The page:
Doctors using texts to assess fans who faint at festivals and gigs

Being able to text your mate could mean you're better

Crowd Download 2006
Doctors and nurses at festivals and concerts are using text messages to check if people who have fainted are well enough to go back into the crowd, it has been revealed.

It's been claimed that being able to text your mates is a sign that you've recovered from fainting or a panic attack, and can leave the medical tent.

Doctors Mike Sinclair, David W Pigott and Katherine N Carpenter wrote in an article for the British Medical Journal outlining their findings.

"Three years ago we noticed that most of the patients who fainted or had panic attacks were teenagers, and as soon as they could use their mobile phones to send an SMS text message to their friends they did," they wrote.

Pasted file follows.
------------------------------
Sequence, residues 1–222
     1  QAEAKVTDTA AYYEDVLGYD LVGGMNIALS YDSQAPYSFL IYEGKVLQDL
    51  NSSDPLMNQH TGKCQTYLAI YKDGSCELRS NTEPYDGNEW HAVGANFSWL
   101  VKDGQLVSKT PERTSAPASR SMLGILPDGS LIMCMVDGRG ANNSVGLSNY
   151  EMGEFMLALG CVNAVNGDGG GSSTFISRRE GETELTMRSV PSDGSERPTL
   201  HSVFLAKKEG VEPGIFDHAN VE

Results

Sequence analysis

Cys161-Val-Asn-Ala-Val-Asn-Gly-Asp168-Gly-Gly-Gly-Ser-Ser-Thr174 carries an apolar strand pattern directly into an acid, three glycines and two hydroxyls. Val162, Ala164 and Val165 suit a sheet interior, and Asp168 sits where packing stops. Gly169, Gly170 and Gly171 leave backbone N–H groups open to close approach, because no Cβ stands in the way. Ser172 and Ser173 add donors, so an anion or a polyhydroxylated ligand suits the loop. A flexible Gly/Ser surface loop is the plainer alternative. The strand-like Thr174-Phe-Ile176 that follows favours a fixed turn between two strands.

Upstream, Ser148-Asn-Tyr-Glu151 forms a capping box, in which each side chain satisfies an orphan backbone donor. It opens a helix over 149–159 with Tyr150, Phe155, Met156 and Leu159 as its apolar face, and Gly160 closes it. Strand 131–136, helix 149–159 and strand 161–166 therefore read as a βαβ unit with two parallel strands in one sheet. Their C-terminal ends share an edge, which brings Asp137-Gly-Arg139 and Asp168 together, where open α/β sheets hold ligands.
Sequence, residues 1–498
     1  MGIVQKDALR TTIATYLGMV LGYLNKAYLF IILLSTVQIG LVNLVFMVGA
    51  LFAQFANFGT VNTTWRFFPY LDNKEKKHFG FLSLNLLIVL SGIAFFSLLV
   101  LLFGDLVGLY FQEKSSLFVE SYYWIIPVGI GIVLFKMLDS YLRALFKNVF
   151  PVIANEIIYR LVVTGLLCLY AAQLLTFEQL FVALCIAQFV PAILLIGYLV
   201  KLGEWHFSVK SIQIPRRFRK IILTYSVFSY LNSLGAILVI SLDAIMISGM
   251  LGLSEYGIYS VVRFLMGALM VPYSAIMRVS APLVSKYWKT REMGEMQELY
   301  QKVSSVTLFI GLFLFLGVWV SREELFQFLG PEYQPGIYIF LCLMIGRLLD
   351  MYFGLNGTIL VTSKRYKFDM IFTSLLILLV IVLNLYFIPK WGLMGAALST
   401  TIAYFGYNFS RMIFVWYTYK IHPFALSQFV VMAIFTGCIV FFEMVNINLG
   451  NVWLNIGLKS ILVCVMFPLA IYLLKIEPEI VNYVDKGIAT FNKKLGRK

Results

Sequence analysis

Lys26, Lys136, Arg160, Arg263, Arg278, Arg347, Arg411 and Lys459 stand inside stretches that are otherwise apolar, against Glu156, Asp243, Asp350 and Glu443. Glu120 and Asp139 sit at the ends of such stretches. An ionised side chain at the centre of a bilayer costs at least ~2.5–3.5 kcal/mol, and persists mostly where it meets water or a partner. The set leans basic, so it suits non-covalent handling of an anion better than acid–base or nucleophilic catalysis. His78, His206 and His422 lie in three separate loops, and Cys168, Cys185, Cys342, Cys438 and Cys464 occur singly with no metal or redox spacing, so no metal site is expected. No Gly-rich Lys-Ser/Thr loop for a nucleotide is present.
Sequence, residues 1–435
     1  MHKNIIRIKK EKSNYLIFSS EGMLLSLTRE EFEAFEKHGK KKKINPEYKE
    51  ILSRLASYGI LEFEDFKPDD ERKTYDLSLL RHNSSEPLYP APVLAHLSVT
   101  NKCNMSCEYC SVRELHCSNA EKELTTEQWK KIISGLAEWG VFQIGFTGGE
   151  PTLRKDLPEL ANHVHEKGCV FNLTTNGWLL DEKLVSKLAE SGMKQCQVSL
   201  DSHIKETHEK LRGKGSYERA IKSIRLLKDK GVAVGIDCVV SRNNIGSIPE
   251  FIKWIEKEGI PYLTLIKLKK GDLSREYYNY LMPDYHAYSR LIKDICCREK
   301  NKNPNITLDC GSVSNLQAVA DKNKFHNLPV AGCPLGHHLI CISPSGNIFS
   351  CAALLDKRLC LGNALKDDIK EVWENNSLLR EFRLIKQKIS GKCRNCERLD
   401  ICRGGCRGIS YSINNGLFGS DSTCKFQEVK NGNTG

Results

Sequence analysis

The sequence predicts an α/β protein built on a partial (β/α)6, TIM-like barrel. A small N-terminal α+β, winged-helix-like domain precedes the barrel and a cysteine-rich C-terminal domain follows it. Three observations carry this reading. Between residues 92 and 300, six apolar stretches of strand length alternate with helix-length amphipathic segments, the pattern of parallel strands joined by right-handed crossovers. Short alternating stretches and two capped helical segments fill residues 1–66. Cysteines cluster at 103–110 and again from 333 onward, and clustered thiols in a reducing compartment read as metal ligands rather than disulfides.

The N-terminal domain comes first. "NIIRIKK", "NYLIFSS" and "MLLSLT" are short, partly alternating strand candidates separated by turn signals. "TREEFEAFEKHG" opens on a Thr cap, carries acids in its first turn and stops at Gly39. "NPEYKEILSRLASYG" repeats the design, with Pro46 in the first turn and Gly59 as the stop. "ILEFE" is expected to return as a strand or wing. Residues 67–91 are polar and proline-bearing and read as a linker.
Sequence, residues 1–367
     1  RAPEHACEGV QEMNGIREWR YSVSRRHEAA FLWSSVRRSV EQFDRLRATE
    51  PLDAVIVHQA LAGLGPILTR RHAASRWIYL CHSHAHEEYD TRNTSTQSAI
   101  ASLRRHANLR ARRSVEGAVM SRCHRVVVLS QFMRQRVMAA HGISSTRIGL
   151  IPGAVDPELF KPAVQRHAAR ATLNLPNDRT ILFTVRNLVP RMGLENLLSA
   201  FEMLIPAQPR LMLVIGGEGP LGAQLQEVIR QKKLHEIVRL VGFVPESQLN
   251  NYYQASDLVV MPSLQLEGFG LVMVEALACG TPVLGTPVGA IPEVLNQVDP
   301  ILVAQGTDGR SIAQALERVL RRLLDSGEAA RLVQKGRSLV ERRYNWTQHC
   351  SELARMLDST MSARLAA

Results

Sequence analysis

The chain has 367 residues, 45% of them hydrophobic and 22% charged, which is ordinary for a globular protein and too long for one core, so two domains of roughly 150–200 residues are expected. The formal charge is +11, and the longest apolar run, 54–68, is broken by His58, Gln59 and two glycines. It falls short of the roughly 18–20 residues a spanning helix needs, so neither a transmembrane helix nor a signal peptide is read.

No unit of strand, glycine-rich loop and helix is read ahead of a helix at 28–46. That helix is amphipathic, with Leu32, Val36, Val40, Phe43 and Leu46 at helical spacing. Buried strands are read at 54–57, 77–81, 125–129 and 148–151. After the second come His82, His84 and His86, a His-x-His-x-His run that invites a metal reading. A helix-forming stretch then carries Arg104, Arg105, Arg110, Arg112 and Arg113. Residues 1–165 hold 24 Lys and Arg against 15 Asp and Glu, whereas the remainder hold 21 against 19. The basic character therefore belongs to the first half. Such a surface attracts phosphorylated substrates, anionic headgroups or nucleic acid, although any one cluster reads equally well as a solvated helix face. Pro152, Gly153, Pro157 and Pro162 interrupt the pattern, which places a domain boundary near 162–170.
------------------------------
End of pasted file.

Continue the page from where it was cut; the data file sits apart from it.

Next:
They added, "We decided to use this texting sign as an indication that patients had recovered from their faint or panic attack and were orientated and coordinated enough to be discharged back to the festival."

According to the article being able to text, whether what you send makes sense or not, requires enough brain power to prove that you're well.

The doctors worked at festivals and concerts helping music fans recover from being injured or fainting in rough crowds.

They explained: "This year at the Reading Festival we managed, with only one consultant anaesthetist, two accident and emergency nurses, one operating department practitioner, and two to four first aiders, to treat 142 patients in less than 60 minutes during the performance by Bloc Party and 130 patients in over 90 minutes during the performance by Rage Against The Machine."

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